Since 2014, the state’s budget for inpatient treatment has grown 11 percent to about $3.7 million in the last fiscal year. That was enough to cover the cost for 312 of the neediest clients. Of those, however, 121 were for intensive methamphetamine treatment, according to DSS spokeswoman Tia Kafka.

Meanwhile, in the same period the number of felony drug cases in the state surged by 73 percent to 10,199.

Gov. Dennis Daugaard’s office is asking the Legislature for another $604,000 to expand an 18-month meth treatment program in the central part of the state, and the court system has asked for $100,000 to fund halfway house beds for drug court clients, who are sometimes forced to stay in homeless shelters in the early days of recovery.

Jennifer McConniel runs one of the state’s two intensive meth programs at Keystone Treatment Center. She’s not sure if there will ever be enough money to help all users, but more investments have to be made if the state expects to cope with the surge in drugs and drug-related crime.

“We need it,” McConniel said. “It’s an epidemic, it’s getting worse, and people are getting more violent.”

Not all meth users qualify for state-funded inpatient treatment. Most get some form of outpatient treatment, and the state has increased funding for those options. But the need there is growing as well.

South Dakota has rapidly expanded its drug and DUI courts since the 2013 criminal justice reform. The specialty courts focus on connecting defendants with treatment rather than sentencing to prison. Today there are 16 compared to just three in 2013.

As many as 445 people can now get the intensive case management through a specialty court, and that number is set to grow even higher. The programs generally last at least 18 months and offer near-daily contact with court service officers, who help clients find treatment programs, housing, work and more.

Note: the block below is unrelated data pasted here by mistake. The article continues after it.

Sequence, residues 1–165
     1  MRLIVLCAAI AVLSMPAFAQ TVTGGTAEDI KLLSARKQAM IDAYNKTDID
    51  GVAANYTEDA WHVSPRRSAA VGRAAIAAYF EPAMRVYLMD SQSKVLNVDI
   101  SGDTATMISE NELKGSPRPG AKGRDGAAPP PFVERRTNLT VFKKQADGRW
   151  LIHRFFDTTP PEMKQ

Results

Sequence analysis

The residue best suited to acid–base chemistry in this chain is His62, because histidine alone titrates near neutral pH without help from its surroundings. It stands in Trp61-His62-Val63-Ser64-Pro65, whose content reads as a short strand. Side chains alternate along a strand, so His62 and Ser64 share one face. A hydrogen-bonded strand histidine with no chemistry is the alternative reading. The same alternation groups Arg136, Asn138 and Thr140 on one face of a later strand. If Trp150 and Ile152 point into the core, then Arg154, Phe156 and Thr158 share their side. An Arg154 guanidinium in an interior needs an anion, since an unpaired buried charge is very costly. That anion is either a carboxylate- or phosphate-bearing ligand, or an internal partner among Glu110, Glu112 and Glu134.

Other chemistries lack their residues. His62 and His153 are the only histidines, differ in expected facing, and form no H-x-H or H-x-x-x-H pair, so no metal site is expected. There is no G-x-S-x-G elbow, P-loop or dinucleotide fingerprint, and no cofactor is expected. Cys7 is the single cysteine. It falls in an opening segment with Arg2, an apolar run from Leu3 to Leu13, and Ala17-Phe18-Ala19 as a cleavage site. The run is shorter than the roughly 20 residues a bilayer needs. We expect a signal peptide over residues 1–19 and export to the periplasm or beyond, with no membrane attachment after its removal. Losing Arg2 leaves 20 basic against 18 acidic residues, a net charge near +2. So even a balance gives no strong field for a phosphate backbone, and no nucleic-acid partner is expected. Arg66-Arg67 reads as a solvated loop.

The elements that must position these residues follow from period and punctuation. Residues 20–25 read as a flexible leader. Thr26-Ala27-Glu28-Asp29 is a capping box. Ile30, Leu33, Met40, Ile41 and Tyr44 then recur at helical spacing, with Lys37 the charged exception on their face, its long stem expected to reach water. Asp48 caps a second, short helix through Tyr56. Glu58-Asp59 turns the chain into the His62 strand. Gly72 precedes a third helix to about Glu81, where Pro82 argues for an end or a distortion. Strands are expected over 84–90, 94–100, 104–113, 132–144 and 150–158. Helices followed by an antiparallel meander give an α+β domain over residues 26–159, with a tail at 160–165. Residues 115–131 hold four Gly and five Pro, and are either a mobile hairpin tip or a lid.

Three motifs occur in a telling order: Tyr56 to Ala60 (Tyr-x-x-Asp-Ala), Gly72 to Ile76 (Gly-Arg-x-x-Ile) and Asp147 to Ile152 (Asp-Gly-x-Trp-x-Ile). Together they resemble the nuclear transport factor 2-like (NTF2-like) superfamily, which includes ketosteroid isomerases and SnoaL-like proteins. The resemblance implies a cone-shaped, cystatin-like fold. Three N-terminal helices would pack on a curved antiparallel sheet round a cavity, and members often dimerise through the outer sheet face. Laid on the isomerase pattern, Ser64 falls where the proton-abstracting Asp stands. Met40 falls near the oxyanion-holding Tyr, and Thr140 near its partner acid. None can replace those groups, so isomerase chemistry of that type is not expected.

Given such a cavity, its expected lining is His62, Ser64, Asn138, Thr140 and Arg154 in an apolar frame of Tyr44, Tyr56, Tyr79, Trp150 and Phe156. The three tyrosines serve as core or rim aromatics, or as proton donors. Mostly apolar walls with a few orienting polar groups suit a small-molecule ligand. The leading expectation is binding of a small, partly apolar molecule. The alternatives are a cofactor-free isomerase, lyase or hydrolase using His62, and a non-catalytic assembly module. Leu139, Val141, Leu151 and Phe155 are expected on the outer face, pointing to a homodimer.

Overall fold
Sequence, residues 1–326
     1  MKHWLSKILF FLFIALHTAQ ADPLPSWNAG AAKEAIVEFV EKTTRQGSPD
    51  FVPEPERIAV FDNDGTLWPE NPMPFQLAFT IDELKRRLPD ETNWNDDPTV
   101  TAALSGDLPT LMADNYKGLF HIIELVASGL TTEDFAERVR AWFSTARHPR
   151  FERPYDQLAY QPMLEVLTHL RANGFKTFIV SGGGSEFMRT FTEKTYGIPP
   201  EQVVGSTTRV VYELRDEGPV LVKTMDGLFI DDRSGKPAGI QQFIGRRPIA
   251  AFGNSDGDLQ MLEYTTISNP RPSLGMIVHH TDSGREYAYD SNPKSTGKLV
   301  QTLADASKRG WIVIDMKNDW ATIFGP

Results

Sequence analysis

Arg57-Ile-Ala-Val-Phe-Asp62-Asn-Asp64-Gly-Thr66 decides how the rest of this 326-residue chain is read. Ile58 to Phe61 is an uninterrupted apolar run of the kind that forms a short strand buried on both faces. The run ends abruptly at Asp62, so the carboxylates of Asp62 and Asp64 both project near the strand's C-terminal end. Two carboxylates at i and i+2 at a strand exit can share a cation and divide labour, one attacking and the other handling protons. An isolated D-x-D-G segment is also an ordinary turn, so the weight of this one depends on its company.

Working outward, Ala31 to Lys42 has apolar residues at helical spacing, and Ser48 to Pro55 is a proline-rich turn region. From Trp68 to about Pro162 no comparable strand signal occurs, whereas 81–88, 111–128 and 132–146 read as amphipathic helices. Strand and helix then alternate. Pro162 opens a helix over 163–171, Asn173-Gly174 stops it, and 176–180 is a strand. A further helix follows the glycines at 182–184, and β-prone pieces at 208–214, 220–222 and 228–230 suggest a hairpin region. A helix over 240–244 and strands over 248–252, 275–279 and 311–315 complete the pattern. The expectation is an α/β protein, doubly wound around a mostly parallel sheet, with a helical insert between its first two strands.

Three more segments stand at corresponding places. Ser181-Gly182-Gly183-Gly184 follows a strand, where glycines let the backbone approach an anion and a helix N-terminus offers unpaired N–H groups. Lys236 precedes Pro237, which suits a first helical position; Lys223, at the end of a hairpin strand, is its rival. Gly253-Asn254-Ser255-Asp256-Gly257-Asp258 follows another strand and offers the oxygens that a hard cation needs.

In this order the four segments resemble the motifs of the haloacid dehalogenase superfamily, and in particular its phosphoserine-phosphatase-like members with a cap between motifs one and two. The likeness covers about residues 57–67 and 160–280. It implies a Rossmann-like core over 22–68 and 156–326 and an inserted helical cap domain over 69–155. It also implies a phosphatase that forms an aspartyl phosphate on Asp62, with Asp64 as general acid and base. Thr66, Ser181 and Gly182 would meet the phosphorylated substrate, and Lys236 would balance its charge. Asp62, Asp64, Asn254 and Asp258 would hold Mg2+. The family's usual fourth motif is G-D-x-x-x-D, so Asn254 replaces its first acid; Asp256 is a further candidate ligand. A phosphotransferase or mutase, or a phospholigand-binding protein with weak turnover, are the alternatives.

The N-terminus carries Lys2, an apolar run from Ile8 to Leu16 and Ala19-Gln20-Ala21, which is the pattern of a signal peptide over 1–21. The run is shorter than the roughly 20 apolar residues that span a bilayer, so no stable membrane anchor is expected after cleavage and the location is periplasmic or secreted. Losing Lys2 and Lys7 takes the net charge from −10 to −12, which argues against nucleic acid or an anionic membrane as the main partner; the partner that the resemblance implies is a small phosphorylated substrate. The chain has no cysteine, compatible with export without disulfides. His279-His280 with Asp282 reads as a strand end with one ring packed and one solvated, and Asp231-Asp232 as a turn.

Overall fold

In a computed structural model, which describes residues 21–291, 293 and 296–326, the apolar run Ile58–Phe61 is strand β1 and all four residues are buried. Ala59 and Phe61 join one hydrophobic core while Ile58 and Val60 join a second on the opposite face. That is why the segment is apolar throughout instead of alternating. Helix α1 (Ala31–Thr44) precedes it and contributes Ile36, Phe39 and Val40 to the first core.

The state also poured money into two new outpatient therapy models. One combines cognitive behavioral mental health therapy with a focus on substance abuse. The number of clients served has swelled to more than 1,400 since 2014.

“That’s the primary program that’s used for that criminal justice population,” said Amy Iverson-Pollreisz, deputy secretary of the Department of Social Services.

The programs supplement typical treatment with life skills and stress management as a buffer against relapse, and the state sees promise: 53 percent of participants successfully completed the CBISA program last year, compared to a national average of 43 percent.

Iverson-Pollreisz said most people who get court-ordered chemical dependency assessments need some form of outpatient treatment and aftercare, not inpatient treatment.

At the Carroll Institute in Sioux Falls, the total number of clients served for meth is on pace to nearly double for fiscal year 2017.

“That animal has really just taken over,” said Carroll Institute Director Gary Tuschen.

The waiting list for a spot at the Carroll’s 16-week outpatient meth program can be three weeks long, though acceptance can be faster if the applicant is pregnant or actively using intravenous drugs.

Even so, finding an outpatient program can be easier than finding a safe and sober place to stay between treatment sessions.

Housing is a huge part of recovery, according to Tiffany Butler, director of operations at the Carroll Institute’s Arch halfway house. Addicts coming out of jail or prison often have nowhere to go that they won’t be surrounded by drugs, drug-using friends or violence.